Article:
Germany’s synodal path has failed


Cardinal Walter Kasper says the German way forward on its “synodal path” has failed.

Kasper, who is the Pontifical Council for Promoting Christian Unity’s President Emeritus, points to the Second Vatican Council’s path in synodal fellowship.

The Church would have a future only if it continued on that path – a path that the German synodal path “had failed to take,” he says.

This won’t mean acting like bookkeepers, but “in creative loyalty and synodal fellowship by listening to God’s Word and to one another together.

“In my and other people’s opinion, the German ‘synodal’ gives the impression that it can and feels it has to discover a new Church and must push through its own agenda.”

As the German way forward has “unfortunately failed”, he says he puts all the more hope in the World Synodal Process Pope Francis has launched.

The Catholic Church’s future must concentrate on the Gospel Message and the “wounds of the world”, not just itself, he says.

The Council should not be seen as a break with tradition but as a “new departure to a more alive and comprehensive understanding of tradition and catholicity”.

To do justice to the Council as a whole, it is necessary to go deeply into the Council’s texts and editorial history. This is a theologically challenging and demanding undertaking that is still ongoing, Kasper notes.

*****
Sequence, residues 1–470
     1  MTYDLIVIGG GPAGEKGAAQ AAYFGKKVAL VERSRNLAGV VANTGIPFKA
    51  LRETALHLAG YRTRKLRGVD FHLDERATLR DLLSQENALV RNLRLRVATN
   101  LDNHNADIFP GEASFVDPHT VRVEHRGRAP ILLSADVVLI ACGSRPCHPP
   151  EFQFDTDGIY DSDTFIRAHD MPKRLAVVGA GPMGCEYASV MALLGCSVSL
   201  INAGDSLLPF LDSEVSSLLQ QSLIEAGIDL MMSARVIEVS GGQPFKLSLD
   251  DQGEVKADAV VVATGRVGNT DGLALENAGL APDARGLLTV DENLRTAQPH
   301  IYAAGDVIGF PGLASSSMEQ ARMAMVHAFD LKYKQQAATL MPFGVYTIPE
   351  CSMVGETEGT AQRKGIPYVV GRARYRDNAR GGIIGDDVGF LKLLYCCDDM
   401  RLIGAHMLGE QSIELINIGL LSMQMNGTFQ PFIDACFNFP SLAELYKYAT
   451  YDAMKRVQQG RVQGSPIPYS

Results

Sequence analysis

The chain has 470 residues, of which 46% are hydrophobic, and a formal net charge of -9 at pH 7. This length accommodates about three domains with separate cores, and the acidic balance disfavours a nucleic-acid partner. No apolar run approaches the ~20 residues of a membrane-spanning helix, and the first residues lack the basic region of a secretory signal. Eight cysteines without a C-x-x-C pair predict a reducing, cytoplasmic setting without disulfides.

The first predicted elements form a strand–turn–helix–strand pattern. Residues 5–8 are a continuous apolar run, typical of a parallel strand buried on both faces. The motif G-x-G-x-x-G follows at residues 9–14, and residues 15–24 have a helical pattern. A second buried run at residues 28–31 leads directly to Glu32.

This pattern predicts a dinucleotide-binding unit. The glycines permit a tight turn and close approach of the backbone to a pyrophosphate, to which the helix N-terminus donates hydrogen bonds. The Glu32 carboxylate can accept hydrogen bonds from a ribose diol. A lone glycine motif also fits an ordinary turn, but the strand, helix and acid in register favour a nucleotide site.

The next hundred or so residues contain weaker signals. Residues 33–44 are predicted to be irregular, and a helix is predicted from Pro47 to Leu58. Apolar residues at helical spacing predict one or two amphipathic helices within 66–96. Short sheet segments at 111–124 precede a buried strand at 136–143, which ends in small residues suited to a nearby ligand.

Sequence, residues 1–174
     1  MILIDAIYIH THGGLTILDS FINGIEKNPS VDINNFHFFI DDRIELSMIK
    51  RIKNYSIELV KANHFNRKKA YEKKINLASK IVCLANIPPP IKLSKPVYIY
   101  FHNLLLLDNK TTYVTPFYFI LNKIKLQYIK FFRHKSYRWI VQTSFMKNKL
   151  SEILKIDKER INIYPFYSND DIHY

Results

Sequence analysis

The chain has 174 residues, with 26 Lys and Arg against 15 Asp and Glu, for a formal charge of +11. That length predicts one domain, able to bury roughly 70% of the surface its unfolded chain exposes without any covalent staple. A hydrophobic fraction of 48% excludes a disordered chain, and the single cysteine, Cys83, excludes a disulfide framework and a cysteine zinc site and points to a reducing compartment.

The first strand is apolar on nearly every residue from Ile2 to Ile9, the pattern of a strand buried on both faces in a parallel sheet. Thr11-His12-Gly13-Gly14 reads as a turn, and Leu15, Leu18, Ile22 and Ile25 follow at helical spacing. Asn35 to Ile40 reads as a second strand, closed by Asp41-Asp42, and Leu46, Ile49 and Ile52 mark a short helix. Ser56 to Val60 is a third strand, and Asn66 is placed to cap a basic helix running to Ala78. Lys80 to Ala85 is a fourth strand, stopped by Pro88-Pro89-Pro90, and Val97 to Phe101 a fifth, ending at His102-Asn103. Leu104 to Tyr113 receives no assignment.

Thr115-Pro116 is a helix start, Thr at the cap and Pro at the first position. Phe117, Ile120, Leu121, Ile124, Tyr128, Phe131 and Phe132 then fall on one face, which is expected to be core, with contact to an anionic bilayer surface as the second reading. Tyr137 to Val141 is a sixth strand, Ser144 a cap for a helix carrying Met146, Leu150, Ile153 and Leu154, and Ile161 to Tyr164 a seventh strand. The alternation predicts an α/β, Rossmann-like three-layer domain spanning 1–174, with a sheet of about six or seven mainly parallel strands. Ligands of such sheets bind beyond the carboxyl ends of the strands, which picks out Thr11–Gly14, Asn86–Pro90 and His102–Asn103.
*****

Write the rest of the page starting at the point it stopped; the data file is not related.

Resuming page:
At the same time, the Council and its documents had meanwhile become a part of church history, he says.

Francis belongs to a post-Council generation who regard the decisions and documents as facts from which it is necessary to think further.

“And that raises the question of the yet undetected future potentials in the Council texts,” Kasper points out.

The question of the Church’s relationship to the world must be re-examined, he says.

The corresponding Council document “Gaudium et spes” was determined by an “optimistic outlook” of the time, Kasper recalls.

Since then, secularisation and the priestly sexual abuse crisis have led to a massive loss of trust in the Church. They have also made the “crisis of faith in God” more visible. That was something unforeseen at the time of the Council, Kasper says.

In the Western World today, atheism and widespread indifference to the question of God are common.

This means renewing church structures is “irrelevant for the majority of people and is only of interest for church employees”, Kasper says.

It also means regarding the question of God, post-conciliar theology must go “deeper than the Council was able to” and look into the “metaphysical homelessness of modern human beings.”

The ongoing debates on church reform would benefit from another look at what the Church constitution Lumen Gentium said on the common priesthood of all the faithful, Kasper says.

The Council highlighted the co-responsibility of the laity, but that did not mean that there was “rivalry or opposition” between lay Catholics and priests and bishops, he stresses.


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